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The Black Hills, nestled along the western border of South Dakota, is a mythic place. Home to the Badlands, Wounded Knee, Wall Drug Store, Deadwood, Sturgis, and Mount Rushmore and Crazy Horse Memorials, the Black Hills draw over two and a half million visitors each year. [1] The Hills are also a location of political struggle, the long-time battleground between the native Lakota and the United States government. The 1874 discovery of gold by General Custer and his Seventh Cavalry Regiment sparked a flurry of interest in the region. First gold miners, then settlers, and finally tourists transformed the area into a “natural playground and sanitarium.”[2] As early as 1892, six to seven trains a day brought tourists from eastern cities to bathe in the curative hot springs of the southern Black Hills.[3] But just as visitors flocked to the Hills, the Hills seemed to seep its borders, to flood the world with tales of its wildness. Today, this 50 by 70 mile swathe of land is a key backdrop for popular imagination of the American West and of American history, culture, and identity.

More than a heritage destination, the Hills are a crucial space for the performance of American-ness, a space where residents, visitors, museum operators, Hollywood films, historical events, roadside sweet clover and more … all coalesce to generate a sensual production, a sensual experience. It is this experience – a complicated nexus of bodies, technologies, ancient rocks, tall tales, and, yes, even bison growls – I offer here. I offer it in an essentially acoustic form. I ask you to listen … to hear the Hills, to hear the Hills as I have heard them … as I hear them even now. This is a hearing informed by the region’s tragic past – by the faint whispers of conquest, extraction, extinction, assimilation – and by its many possible futures, futures that hint at new forms of American politics. But, this is also a hearing that is deeply personal and sensorial. It is a hearing embedded in the land, embedded in centuries of family history, of the mixing of peoples and places. It is a hearing that glides indistinguishably from the hard surfaces of outside to the softest entangled tissues of what cannot be seen, of what remains forever inside. What I offer here is an acoustic encounter. It is an encounter produced through sensation, imagination, memory, and history. It is an encounter that relies heavily upon fieldwork, upon listening and looking and sensing in the field, and upon mediation, the mediation of microphone, of recorder, of film, of computer. But more than all this, it is an encounter that asks you to engage scholarship in a new way … to engage it as experience, as tale, as hearing.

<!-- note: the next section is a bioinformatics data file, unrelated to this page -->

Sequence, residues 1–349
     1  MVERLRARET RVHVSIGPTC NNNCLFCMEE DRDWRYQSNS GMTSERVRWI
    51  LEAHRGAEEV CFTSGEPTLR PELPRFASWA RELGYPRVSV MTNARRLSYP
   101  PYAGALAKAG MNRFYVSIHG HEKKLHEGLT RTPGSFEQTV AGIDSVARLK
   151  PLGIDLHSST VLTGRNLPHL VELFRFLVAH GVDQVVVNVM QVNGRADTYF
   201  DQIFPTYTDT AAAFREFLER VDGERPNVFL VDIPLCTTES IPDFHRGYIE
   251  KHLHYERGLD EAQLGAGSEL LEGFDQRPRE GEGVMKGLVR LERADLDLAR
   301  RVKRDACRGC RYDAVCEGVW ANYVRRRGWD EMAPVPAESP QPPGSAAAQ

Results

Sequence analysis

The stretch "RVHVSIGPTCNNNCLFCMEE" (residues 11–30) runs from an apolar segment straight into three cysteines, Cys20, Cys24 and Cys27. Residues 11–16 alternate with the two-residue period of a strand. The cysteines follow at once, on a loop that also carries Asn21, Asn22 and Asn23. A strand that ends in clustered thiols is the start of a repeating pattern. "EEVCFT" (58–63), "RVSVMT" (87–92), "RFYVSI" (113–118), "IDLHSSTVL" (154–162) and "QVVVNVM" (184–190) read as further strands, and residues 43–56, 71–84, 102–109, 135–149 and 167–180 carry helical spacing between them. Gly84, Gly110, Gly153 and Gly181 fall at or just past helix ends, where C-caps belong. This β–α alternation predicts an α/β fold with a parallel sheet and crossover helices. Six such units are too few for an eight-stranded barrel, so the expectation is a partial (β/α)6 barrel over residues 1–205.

[1]National Park Service, U.S. Department of Interior, “Park Statistics,” Mount Rushmore National Memorial, http://www.nps.gov/moru/parkmgmt/statistics.htm.
[2]John McClintock, Pioneer Days in the Black Hills: Accurate History and Facts Related by One of the Early Day Pioneers (Norman, OK: University of Oklahoma Press, 1939), 7.
[3]Michael Schumacher, “Seeking the Hills: A New Exhibit Explores Mountain Travel,” South Dakota Magazine 23:2 (July/August 2007), 70.